Can you be sued for an auto accident if it was your car but you were not the driver?

UPDATED: Sep 30, 2022

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Can you be sued for an auto accident if it was your car but you were not the driver?

My Brother was in a car accident in my fathers car about a year ago. Which had no insurance. The car was totaled. My brother ran a red light and the other car hit him causing him to run into a pole and into a ditch. my brother was fine no injurys and so was the person who hit him. The other car barely had any damage. Everything was fine, we got everything settled at the dealership. And we were all clear until today, my dad found out that he is being sued by the parents of the person who was driving the other car. My father definatley cannot afford an attorney. I am just wondering how in the heck is this possible? shouldnt they be sueing my brother instead? this is not My fathers fault in any way, shape or form

Asked on April 13, 2016 under Accident Law, Texas


SJZ, Member, New York Bar / FreeAdvice Contributing Attorney

Answered 6 years ago | Contributor

Legally, it is your father's responsibility, if your brother was at-fault in how he drove--e.g. was driving negligently, or carelessly, as he apparently was (he went through a red light, which is careless): the owner of a vehicle is liable for the injuries and damage caused by an at-fault driver whom the owner lets or allows to drive his car. The person hit by the at-fault driver has the option of suing the driver, the owner, or broth, and will generally sue the person whom he or she thinks has the most assets or income--i.e. is most likely to be able to pay.
If your father has to pay any amounts due to this suit, he in turn could seek to recover them from your brother by suing your brother (the at-fault driver) for the money. Procedurally, he would sue your brother as a third-party defendant in the lawsuit against your father, bringing your brother into that lawsuit.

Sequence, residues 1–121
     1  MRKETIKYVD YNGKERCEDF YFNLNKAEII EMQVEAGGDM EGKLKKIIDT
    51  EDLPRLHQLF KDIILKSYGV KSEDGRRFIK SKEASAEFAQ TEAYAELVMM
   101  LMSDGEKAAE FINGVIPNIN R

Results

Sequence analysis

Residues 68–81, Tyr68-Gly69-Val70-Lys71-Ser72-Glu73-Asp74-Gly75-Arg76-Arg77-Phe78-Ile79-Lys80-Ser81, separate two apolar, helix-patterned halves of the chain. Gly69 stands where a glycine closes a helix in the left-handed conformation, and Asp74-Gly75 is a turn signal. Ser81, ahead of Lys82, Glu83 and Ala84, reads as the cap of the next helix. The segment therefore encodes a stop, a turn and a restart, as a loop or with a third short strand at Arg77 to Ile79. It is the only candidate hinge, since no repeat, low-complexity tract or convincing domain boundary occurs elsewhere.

IMPORTANT NOTICE: The Answer(s) provided above are for general information only. The attorney providing the answer was not serving as the attorney for the person submitting the question or in any attorney-client relationship with such person. Laws may vary from state to state, and sometimes change. Tiny variations in the facts, or a fact not set forth in a question, often can change a legal outcome or an attorney's conclusion. Although has verified the attorney was admitted to practice law in at least one jurisdiction, he or she may not be authorized to practice law in the jurisdiction referred to in the question, nor is he or she necessarily experienced in the area of the law involved. Unlike the information in the Answer(s) above, upon which you should NOT rely, for personal advice you can rely upon we suggest you retain an attorney to represent you.

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